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Celadon Books; 256 pages; $26.99
National Public Radio tech reporter Aarti Shahani chronicles her South-Asian family's tribulations with immigration authorities and the criminal justice system in her affecting new memoir, Here We Are. Of Indian descent, Shahani's father moved to Flushing, Queens in 1981, expecting that he would quickly find a job that matched his facility with math and languages. When all he was offered was manual labor, Namdev fell into an emotional tailspin that threatened the family's stability. Worse still, after he and his brother opened a successful electronics shop, they were arrested for selling merchandise on behalf of the Cali Colombian drug cartel.
Shahani writes with grace and precision as she recounts her father's legal ordeal and the toll it took on her mother, her siblings, and herself. Namdev Shahani spent eight months imprisoned at Rikers Island, with the threat that he would be deported as soon as he completed his sentence. Aarti Shahani prevented that outcome, and her passion for justice shines through Here We Are, reminding readers how vulnerable immigrants are right now. Shahani's father was lucky in having a daughter with the acumen to navigate the system. Here We Are is a bracing clarion call for reform. — MB
By Jenny Odell
Melville House; 256 pages; $26.99
Like a lot of us, Oakland artist Jenny Odell found herself overwhelmed by the noise generated by the Trump election. To counter the clamor in her brain, she took to walking the paths of the Oakland Rose Garden and found that literally taking the time to smell the roses had a therapeutic effect. In 2017, Odell gave a speech at the Eyeo Festival that went viral after it was posted on Medium. Now that speech has been expanded into How to Do Nothing, a treatise on how to let go of our interest in the new and shiny and find a way through life that avoids the counterproductive distractions of the attention economy.
Odell writes that she began to think about the project "as an activist book disguised as a self-help book." With wit and conviction, she reports on the differences between Cupertino and Oakland, compares the gig economy and the San Francisco General Strike of 1934, examines the refusal of Greek philosopher Diogenes and the supposed inclusiveness of Facebook. Doing nothing is more than goofing off, and really getting to know a place requires a lot of attention. Being in nature works for Odell, and it may be in birdwatching (or "bird-noticing") that she finds the greatest level of support. Not everyone is able to drop everything for a hike on the spur of the moment, but Odell makes a case for unplugging and paying attention to the biological world that sustains us. — MB
By Elizabeth Strout
Random House; 304 pages; $27
Elizabeth Strout didn't exactly push her signature character over Reichenbach Falls, but there was no indication at the end of Olive Kitteridge that there would be any sequels to the Pulitzer Prize-winning eponymous novel. Now Strout has found the impetus to continue Olive's story in Olive, Again, and the result is a welcoming, rewarding, and unexpected tour de force. The novel-in-stories follows the template of the earlier book, with the grouchy, irascible and insecure Olive — now in her seventies — sometimes at center stage and sometimes on the periphery as she navigates the mysteries of small town life in Maine and her own fractured family. Among her adventures, Olive marries for the second time, counsels a young girl grieving for her father, delivers a baby at a baby shower, and makes accommodations for her advancing age. All along the way, Strout advances the narrative through pitch-perfect dialogue and telling character details. Hilarious and heart-breaking, Strout's latest is definitely focused on endings from multiple perspectives, but there's plenty of life left in this complicated character. — MB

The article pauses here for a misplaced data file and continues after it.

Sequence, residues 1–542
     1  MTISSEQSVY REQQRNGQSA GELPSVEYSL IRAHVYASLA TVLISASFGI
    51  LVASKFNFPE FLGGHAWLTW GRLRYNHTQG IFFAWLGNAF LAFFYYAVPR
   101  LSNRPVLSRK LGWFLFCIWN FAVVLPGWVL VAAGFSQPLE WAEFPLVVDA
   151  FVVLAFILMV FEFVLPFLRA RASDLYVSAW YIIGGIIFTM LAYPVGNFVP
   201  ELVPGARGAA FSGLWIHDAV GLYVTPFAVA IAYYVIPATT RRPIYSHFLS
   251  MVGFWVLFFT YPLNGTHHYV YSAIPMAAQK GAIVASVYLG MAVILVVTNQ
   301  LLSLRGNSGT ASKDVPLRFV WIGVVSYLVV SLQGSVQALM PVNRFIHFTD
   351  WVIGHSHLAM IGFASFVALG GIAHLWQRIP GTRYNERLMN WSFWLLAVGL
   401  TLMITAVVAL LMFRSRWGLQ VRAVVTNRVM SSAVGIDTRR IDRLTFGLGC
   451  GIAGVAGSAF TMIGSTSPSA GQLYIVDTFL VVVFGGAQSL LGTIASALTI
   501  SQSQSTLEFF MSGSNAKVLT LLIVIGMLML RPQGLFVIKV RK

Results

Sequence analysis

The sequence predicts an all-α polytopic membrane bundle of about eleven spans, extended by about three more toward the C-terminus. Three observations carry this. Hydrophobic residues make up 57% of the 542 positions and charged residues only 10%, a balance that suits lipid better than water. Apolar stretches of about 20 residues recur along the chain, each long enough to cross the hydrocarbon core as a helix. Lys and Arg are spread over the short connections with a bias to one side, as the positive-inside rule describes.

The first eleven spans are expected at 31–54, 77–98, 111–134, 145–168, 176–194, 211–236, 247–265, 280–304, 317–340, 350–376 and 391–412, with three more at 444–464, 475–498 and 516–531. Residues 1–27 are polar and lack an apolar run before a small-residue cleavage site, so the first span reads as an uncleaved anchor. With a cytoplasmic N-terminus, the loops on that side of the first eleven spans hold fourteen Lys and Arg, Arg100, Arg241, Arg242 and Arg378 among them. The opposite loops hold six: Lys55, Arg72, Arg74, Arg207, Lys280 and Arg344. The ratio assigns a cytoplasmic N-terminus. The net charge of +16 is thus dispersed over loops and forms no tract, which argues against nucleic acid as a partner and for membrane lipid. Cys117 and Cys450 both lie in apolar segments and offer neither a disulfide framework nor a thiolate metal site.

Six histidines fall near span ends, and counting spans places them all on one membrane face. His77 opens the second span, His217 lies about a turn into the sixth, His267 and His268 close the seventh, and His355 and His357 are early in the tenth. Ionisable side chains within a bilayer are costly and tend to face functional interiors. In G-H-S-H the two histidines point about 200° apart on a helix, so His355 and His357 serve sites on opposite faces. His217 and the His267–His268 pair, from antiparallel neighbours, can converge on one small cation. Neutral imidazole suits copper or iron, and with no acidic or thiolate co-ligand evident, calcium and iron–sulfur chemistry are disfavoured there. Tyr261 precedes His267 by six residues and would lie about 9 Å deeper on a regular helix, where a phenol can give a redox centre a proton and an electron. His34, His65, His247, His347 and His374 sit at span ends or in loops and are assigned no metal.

Farrar, Straus and Giroux; 320 pages; $27
Impassioned, rigorous, and richly stocked with memorable stories and characters, This Land Is Our Land is a timely and necessary intervention in an age of brutal anti-immigrant rhetoric and policy. Drawing on his own experience as an Indian-born teenager growing up in New York City and on years of reporting around the world, author Suketu Mehta explains how the West is being destroyed not by immigrants but by the fear of immigrants, by juxtaposing the narratives of populist ideologues with the ordinary heroism of laborers from Dubai to Queens, and showing why more people are on the move today than ever before. Whether it's caused by civil strife or climate change, it is little surprise that borders have become so porous as told through the stories of refugees around the world and their struggles to escape oppression and death by risking everything to cross borders. Now that they are here, as Mehta demonstrates, immigrants bring great benefits, enabling countries and communities to flourish. He also examines the destructive legacies of colonialism and global inequality on large swaths of the world. When today's immigrants are asked, "Why are you here?" they can justly respond, "We are here because you were there." — DSM